Trinity Episcopal Church of Morrisania, Bronx, New York

And the Word became flesh and lived among us, and we have seen his glory, the glory as of a father’s only son, full of grace and truth. The law indeed was given through Moses; grace and truth came through Jesus Christ. No one has ever seen God. It is God the only Son, who is close to the Father’s heart, who has made him known.

No one has ever seen God. The God who created the heavens and the earth, the galaxies and the elements is too big, too complicated for anyone to comprehend. Some are brilliant at observing, thinking and reasoning; others have tremendously powerful religious experiences. Yet none of them can say in all honesty that they have seen God in God’s fullness—the finite human mind, and indeed all the minds in all ages put together, and all the computers and books that we might put together to help us, cannot hold, or comprehend God.


Human beings are but one small slice of God’s glorious creation.

Yet God loves this world and God loves human beings. And that love is also far more than we can comprehend. God loves us so much that from the beginning he chose to be among us. Jesus is what a human being is from God’s perspective—his love is genuine, his honesty is compassionate, he does not give in to the temptation to make his allies and benefactors comfortable at the expense of those who nobody cares about. God’s Word became flesh. In him, the unknowable God is made known.

Anyone who looks and listens can understand Jesus, his compassion, his calling people out when they represent themselves as being the holy or righteous ones while they are really just trying to get the advantage over others; his courage for the sake of others, especially the poor and the weak. When people don’t understand, it is because they wish not to understand that listening to Jesus might disrupt their strategy to be on top, or their desire to hold on to things or status. The stories, the images, the message, and the life of Jesus are not incomprehensible—all it takes is openness to the truth—he is The Way, The Truth, and The Life. What is incomprehensible, is the love of God, that God would do this—spend everything so that human creatures could know how to live humanly. The compassion of Jesus, is the compassion of God and the only way to be human is to live in God’s compassion.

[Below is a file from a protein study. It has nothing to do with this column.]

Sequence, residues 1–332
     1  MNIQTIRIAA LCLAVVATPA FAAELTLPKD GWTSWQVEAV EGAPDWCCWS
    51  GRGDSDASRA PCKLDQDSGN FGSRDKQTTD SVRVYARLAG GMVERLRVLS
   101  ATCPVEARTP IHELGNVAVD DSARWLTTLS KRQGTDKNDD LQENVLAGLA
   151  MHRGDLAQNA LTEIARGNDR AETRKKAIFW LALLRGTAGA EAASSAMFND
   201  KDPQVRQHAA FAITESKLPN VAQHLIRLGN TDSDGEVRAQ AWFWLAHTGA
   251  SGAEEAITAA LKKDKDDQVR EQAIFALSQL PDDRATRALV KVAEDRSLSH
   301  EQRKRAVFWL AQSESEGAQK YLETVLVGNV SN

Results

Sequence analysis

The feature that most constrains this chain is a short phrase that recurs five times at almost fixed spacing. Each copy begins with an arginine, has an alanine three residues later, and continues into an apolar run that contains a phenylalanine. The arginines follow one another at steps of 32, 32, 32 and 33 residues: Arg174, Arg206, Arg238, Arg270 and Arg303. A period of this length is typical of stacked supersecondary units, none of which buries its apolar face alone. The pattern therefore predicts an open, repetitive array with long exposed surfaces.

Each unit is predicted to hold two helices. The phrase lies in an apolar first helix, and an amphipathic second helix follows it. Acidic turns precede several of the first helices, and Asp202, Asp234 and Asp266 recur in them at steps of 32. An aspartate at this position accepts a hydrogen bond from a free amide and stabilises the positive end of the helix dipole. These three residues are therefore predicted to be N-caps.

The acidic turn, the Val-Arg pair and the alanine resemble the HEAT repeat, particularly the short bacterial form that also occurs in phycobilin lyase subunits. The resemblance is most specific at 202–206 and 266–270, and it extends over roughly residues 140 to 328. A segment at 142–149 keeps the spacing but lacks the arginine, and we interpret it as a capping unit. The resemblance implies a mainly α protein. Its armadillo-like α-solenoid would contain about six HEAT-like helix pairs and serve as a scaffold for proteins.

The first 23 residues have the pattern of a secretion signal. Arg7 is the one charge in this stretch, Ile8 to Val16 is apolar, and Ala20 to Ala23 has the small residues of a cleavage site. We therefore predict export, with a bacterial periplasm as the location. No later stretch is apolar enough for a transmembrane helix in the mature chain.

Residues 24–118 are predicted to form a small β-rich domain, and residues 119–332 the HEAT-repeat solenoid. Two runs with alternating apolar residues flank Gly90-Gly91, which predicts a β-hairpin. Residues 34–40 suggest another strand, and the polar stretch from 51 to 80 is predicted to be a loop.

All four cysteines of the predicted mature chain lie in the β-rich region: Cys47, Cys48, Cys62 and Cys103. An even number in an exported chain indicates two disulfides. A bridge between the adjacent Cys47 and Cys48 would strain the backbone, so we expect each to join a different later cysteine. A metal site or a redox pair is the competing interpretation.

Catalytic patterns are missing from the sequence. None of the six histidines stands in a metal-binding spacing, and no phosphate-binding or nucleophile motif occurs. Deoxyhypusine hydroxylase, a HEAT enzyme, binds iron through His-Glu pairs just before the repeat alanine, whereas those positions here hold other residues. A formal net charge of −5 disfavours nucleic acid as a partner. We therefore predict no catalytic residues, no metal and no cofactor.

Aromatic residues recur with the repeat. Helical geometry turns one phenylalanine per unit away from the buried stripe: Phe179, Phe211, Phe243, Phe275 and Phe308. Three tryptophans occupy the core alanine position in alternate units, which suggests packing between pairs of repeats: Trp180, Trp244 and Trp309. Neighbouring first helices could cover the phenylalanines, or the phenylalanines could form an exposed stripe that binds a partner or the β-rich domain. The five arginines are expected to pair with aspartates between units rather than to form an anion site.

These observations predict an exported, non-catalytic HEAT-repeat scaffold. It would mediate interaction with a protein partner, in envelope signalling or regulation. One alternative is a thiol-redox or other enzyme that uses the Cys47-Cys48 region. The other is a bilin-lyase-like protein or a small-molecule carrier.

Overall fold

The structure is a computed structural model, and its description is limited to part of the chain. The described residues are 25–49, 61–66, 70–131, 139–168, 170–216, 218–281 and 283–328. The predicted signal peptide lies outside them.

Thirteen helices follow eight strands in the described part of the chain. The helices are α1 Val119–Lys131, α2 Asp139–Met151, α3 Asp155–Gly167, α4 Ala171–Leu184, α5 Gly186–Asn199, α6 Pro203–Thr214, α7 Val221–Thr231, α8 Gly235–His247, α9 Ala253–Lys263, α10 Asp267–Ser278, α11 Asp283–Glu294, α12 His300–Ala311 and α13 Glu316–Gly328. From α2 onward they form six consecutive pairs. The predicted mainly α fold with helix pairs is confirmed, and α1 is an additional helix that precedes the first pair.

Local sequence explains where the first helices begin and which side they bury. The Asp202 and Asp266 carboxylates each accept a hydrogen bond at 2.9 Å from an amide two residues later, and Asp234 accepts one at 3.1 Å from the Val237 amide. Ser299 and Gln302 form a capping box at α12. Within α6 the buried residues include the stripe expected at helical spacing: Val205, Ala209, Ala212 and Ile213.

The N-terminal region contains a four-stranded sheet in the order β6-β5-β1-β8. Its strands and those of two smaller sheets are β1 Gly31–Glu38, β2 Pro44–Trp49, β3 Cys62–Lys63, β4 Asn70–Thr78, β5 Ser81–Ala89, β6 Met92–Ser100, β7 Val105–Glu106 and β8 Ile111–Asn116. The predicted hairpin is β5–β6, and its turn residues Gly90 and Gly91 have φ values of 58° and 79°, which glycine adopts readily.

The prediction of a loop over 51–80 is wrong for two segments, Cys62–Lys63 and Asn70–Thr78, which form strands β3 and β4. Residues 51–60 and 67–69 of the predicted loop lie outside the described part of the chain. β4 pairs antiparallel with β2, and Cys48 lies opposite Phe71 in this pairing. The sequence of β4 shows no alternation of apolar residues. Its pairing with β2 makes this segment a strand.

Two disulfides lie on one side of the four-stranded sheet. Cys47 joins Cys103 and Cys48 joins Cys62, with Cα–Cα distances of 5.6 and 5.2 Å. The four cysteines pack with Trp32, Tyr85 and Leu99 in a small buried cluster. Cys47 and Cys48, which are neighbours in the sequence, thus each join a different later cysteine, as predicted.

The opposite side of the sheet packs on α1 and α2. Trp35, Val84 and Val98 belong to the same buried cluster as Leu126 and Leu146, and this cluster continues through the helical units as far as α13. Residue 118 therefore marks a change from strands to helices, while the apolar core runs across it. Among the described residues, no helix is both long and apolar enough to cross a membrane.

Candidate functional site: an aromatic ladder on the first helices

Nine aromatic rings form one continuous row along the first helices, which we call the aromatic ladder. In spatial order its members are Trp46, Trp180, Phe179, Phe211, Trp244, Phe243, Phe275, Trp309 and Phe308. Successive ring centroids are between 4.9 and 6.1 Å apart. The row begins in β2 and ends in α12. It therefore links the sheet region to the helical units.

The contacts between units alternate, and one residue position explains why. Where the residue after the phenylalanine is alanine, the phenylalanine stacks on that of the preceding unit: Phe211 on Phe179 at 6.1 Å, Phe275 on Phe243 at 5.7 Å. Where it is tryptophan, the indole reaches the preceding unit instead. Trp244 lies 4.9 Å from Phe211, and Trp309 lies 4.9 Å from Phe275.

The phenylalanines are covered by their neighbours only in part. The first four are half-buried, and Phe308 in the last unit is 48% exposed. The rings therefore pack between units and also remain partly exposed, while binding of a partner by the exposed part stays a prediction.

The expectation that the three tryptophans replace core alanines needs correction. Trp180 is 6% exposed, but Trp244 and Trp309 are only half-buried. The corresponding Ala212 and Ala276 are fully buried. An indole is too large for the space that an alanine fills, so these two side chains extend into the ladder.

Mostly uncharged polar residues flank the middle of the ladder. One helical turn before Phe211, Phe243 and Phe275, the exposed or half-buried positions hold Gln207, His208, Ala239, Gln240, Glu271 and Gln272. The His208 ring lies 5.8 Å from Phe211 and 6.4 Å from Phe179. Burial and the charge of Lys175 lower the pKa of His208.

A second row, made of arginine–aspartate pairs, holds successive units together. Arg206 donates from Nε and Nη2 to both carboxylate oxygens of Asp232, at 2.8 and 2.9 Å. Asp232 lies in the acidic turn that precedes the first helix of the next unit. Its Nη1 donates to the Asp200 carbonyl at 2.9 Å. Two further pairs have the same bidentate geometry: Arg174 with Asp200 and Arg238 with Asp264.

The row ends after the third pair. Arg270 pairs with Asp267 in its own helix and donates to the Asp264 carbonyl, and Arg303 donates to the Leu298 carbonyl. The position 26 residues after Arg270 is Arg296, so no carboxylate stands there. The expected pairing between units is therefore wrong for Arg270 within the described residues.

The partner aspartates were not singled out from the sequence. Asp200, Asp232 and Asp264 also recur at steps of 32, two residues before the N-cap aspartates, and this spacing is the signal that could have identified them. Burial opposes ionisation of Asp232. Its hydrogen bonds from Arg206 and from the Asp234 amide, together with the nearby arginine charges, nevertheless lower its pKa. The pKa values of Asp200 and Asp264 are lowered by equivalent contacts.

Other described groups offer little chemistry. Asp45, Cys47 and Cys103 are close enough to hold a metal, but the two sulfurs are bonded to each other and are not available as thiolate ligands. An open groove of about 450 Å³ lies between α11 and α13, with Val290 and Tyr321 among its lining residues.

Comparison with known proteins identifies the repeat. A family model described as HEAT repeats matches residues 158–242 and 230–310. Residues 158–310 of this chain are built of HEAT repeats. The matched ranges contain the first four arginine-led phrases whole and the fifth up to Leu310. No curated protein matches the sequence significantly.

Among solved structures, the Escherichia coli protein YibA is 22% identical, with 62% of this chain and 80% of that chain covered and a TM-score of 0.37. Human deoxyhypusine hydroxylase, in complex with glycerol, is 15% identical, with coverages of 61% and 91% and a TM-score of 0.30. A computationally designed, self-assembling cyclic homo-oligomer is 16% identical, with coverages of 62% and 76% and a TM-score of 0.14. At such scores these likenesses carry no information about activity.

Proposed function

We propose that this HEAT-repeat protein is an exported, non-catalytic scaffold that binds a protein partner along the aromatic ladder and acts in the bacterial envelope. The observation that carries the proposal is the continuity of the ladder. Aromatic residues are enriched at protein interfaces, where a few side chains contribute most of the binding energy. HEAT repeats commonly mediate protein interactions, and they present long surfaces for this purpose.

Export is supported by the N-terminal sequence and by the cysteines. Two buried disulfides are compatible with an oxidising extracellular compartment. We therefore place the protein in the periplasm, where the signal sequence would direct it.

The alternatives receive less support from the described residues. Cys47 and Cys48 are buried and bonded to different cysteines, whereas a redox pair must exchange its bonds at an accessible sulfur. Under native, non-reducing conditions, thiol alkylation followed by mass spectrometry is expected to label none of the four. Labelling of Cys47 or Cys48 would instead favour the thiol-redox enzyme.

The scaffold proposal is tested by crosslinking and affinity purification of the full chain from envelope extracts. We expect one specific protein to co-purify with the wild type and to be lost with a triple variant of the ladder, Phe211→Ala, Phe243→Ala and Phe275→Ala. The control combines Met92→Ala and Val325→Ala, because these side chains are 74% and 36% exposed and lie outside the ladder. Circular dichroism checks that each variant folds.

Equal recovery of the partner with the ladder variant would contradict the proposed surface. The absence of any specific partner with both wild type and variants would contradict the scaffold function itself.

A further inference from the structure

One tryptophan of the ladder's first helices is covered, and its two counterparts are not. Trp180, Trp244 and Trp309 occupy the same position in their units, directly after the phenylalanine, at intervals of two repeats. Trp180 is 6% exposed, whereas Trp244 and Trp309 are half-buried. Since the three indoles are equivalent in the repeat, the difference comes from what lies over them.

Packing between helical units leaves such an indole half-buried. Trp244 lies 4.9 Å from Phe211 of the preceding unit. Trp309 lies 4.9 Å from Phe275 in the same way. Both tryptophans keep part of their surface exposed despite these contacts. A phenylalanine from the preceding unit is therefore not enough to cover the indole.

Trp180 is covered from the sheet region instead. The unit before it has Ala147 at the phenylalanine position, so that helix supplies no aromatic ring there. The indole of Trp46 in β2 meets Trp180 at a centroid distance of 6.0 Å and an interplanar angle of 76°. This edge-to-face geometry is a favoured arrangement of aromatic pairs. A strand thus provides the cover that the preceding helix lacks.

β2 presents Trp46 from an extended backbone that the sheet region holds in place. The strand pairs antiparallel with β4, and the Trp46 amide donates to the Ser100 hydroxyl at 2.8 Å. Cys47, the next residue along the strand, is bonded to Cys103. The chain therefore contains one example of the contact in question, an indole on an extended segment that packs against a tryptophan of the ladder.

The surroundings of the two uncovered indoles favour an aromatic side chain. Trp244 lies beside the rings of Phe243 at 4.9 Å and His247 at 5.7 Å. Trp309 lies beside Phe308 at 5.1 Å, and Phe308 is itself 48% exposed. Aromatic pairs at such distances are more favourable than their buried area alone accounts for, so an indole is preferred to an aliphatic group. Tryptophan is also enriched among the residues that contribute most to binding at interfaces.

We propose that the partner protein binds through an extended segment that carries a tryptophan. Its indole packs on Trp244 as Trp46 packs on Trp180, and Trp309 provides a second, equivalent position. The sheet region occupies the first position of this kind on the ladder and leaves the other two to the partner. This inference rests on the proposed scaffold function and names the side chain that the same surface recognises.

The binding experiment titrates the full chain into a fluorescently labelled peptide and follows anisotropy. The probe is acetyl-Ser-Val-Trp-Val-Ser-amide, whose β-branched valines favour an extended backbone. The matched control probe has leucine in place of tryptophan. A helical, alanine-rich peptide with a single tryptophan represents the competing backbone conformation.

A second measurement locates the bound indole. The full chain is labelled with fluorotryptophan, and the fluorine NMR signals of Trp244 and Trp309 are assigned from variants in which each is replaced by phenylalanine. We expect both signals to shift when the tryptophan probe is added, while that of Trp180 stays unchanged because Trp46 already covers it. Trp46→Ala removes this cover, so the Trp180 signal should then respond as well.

To choose against compassion is to choose hate, and that will eat you up and destroy you. Some appear to think that merely using the word, “Jesus,” takes the place of listening to him; that piously calling themselves “Christian” means that compassion isn’t necessary; and that it is okay to trumpet their own righteousness while despising the poor and blaming those who suffer. There are Christians in our country who are happy to see children incarcerated in camps in Texas and New Mexico without even basic medical attention. When our Gospel says that Jesus “came to his own, and his own people did not accept him,” it is referring to such people. We are called to receive him, not just in forms of words, but by internalizing God’s compassion, living truthfully and thus humbly, by being God’s children, not defending ourselves through hate of others, but in lives of generosity.

The Word became Flesh to give us life, abundant and joyful life, not destruction. It is not some manual of instructions that he brings, not a set of teachings or rules to memorize. It is the very life of Jesus, God come in the flesh, that shows us God’s compassion – how to live as compassionate human beings.

The Latin word for “becoming flesh” is Incarnation. And God’s becoming flesh and blood with us is so important that the Church celebrates the feast of the Incarnation for twelve days. Monday night, we had mass on Christmas Eve. Today is the sixth full day of that feast, the first Sunday of Christmas. We feast and celebrate. We call to mind that the power of Jesus’ love is in his entire life, even as a tiny baby. Today we celebrate and rejoice in his coming.

Let us bless the Lord and rejoice in his love for us. As it says in today’s psalm:

Worship the Lord, O Jerusalem; praise your God, O Zion;

For he has strengthened the bars of your gates;

he has blessed your children within you.

He has established peace on your borders; he satisfies you with the finest wheat.

Merry Christmas!